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Alton Towers suffers another blow after new VR ride breaks down

One of Britain's most popular theme parks faced another setback this week, after riders were left stranded on its new ride, less than 12 months after a serious roller coaster crash happened at the park.

Alton Towers' new "Galactica" ride—where passengers wear virtual reality headsets to experience a simulated form of space travel—halted temporarily over the U.K.'s long weekend, after heavy rain triggered it to come to a stop.

Alton Towers new "Galactica" ride | Please note: Not an image of the incident itself.
Credit: Alton Towers

Twenty eight riders were stuck lying face down on the Galactica ride on Monday afternoon, after the roller coaster halted due to heavy rain obscuring one of its sensors.

No injuries occurred during the incident and the stoppage happened near the beginning of the ride's track on the first "lift hill", Alton Towers confirmed to CNBC. The ride—which opened to the public in March—halted for around 20 minutes, according to the operator.

"On the afternoon of 2nd May, heavy rain obscured a sensor on Galactica which meant that the ride was automatically stopped," an Alton Towers spokesperson said in a statement emailed to CNBC.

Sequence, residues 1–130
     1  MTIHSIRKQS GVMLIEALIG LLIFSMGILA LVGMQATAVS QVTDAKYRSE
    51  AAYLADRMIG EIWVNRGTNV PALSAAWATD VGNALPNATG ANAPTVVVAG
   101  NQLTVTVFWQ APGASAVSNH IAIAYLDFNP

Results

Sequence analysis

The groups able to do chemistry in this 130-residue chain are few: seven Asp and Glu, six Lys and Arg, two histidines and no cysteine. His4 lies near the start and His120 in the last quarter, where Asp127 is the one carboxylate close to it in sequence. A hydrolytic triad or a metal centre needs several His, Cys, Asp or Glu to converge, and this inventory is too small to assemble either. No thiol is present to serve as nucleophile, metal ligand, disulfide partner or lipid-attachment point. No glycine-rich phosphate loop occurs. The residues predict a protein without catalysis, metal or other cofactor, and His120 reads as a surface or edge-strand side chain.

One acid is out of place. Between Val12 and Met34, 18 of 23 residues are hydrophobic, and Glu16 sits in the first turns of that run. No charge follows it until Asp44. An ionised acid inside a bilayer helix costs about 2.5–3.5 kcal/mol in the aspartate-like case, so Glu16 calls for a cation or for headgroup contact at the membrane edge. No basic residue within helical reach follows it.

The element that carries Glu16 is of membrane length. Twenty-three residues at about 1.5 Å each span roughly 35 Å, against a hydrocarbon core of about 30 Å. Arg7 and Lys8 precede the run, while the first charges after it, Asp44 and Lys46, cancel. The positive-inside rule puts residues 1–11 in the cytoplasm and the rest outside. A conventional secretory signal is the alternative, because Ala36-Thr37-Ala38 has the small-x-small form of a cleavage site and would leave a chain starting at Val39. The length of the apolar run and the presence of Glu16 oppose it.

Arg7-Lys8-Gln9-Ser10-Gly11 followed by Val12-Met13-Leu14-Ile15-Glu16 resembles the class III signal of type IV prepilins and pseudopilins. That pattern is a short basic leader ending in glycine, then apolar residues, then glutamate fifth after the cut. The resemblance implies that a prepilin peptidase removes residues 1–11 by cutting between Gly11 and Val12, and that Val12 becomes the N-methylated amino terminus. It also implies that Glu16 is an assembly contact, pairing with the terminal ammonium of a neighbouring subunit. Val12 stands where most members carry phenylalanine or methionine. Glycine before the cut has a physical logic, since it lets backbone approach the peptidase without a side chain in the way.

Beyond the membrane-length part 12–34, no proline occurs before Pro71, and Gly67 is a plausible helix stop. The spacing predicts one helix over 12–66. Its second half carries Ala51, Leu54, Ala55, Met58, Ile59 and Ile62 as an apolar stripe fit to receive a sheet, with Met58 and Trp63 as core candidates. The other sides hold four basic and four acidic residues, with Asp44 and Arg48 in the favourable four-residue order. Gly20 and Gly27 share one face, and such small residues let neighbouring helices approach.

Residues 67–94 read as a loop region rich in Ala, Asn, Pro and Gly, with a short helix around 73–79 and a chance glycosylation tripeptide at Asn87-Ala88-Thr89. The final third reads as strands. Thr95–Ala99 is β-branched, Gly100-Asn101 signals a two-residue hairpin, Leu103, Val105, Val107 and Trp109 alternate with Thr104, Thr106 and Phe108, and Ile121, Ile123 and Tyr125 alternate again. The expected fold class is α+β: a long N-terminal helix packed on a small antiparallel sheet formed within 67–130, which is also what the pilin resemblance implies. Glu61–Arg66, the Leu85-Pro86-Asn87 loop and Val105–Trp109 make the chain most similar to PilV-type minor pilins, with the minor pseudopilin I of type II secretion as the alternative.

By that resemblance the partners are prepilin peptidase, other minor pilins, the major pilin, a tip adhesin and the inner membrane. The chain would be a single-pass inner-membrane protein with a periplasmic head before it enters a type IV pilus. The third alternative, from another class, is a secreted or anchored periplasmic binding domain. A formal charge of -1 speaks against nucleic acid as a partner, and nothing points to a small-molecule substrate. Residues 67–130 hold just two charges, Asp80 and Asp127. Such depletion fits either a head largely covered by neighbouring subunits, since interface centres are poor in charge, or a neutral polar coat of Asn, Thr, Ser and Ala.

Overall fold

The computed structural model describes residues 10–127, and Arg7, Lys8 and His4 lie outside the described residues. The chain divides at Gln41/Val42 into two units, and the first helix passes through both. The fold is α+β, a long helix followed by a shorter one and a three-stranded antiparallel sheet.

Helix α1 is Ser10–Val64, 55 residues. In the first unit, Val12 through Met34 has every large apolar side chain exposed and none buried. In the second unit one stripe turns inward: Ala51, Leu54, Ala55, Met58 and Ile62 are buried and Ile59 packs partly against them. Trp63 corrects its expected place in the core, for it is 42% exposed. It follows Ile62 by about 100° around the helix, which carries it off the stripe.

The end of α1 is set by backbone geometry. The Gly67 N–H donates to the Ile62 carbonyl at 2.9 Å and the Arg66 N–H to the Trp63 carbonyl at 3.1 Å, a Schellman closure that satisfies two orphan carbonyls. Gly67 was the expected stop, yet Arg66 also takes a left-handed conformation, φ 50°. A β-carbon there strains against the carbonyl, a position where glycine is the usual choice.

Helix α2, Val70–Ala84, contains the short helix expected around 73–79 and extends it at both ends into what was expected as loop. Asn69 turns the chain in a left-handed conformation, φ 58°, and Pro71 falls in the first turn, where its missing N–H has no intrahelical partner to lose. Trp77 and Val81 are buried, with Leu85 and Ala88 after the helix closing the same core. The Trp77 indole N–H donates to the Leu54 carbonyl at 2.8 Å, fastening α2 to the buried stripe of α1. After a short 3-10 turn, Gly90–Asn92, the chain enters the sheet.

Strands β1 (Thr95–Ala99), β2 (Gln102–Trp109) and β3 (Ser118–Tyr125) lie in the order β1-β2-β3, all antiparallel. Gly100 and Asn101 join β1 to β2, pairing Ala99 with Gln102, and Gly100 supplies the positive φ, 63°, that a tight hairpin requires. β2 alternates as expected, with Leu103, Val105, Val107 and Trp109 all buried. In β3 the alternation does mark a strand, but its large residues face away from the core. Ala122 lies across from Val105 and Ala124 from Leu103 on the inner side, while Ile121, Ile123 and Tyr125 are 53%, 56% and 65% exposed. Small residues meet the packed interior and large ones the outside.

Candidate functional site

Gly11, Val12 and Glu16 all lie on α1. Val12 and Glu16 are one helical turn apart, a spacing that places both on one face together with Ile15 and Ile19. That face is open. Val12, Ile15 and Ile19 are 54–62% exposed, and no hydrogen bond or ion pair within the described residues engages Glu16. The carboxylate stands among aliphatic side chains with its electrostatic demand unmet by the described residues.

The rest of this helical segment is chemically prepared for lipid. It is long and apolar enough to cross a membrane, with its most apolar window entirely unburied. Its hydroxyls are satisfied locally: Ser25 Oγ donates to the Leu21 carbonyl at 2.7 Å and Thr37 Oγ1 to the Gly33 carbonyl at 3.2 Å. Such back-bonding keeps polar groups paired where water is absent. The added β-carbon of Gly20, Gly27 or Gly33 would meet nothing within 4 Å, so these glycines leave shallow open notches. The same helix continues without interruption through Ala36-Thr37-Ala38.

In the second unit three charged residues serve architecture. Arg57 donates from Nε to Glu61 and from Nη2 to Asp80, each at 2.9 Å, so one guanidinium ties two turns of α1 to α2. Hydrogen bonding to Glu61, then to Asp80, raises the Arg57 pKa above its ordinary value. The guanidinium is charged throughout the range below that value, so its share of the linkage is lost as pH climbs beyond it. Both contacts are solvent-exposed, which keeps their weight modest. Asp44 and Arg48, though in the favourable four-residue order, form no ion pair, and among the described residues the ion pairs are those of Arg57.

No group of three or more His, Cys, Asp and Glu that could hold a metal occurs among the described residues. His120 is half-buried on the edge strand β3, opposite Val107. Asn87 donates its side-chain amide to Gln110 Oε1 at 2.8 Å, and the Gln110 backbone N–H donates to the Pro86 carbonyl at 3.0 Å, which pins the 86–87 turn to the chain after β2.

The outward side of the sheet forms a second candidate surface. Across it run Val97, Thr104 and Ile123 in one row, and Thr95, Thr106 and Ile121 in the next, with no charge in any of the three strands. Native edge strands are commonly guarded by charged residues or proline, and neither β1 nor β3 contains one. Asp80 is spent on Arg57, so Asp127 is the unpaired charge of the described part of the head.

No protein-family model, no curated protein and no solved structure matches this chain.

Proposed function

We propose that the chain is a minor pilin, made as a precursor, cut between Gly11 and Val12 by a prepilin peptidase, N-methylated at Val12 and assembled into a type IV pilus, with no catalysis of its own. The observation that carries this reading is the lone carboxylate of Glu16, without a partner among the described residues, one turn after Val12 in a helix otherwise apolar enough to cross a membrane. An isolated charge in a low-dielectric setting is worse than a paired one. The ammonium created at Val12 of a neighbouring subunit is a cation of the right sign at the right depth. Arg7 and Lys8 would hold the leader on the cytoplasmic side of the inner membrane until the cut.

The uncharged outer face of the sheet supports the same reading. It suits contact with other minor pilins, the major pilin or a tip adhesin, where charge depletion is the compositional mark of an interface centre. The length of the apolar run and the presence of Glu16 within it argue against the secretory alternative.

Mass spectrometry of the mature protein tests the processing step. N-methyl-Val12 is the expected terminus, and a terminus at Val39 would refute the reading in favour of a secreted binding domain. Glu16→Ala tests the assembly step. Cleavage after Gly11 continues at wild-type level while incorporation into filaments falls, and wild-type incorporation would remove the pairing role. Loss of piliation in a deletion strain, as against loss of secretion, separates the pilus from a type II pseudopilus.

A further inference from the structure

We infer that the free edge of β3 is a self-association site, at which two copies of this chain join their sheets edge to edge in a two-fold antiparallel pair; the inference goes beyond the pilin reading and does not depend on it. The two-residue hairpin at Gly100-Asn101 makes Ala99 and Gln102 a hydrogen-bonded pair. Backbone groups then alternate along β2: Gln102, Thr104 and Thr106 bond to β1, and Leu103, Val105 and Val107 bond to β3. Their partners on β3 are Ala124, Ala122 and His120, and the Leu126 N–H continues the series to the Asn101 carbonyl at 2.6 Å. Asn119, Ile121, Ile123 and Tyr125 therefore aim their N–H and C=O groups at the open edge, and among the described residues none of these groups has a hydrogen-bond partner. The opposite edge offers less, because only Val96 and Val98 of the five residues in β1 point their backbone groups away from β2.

"This is a standard safety feature on this ride and the ride was working exactly as it is designed to do."

"The health and safety of our guests is our number one priority and our team followed standard procedures to get the guests off as quickly and as safely as possible."

"The Smiler" rollercoaster, at Alton Towers Resort, U.K.
Roller coaster crash set to cost owner, Merlin Entertainments, $73M

Alton Towers has been under great scrutiny in the past year, after 14-loop roller coaster "The Smiler" saw two carriages collide with one another last June. Some 16 passengers were injured in the crash, including two women who needed leg amputations.

Merlin Entertainments, the world's second largest visitor attraction operator who owns the Staffordshire-based park, has looked into a number of new safety measures, cost-cutting options and new attractions since the event, which impacted visitor numbers.

Despite Monday's incident, some of the thrill seekers who were on the ride weren't critical of what happened, with a few people on Twitter saying how the staff kept riders up to date on what was going on.


The ride later reopened on Monday, and continued to work as usual on Tuesday, May 3.

Roller coaster to reopen 9 months on, despite crash

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